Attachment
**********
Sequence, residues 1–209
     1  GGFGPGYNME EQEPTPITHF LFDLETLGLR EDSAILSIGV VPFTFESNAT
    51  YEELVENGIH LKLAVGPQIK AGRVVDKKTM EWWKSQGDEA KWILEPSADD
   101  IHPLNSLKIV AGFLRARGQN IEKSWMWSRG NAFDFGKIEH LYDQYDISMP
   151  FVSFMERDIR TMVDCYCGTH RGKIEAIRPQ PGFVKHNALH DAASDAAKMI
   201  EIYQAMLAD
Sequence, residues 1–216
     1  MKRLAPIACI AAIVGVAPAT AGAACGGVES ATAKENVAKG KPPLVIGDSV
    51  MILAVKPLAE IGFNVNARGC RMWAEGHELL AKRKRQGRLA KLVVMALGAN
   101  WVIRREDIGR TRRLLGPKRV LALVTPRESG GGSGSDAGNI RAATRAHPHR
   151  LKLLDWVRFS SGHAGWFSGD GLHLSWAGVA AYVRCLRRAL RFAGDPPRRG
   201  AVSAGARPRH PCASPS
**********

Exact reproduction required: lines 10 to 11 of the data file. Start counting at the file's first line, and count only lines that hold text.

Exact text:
   101  WVIRREDIGR TRRLLGPKRV LALVTPRESG GGSGSDAGNI RAATRAHPHR
   151  LKLLDWVRFS SGHAGWFSGD GLHLSWAGVA AYVRCLRRAL RFAGDPPRRG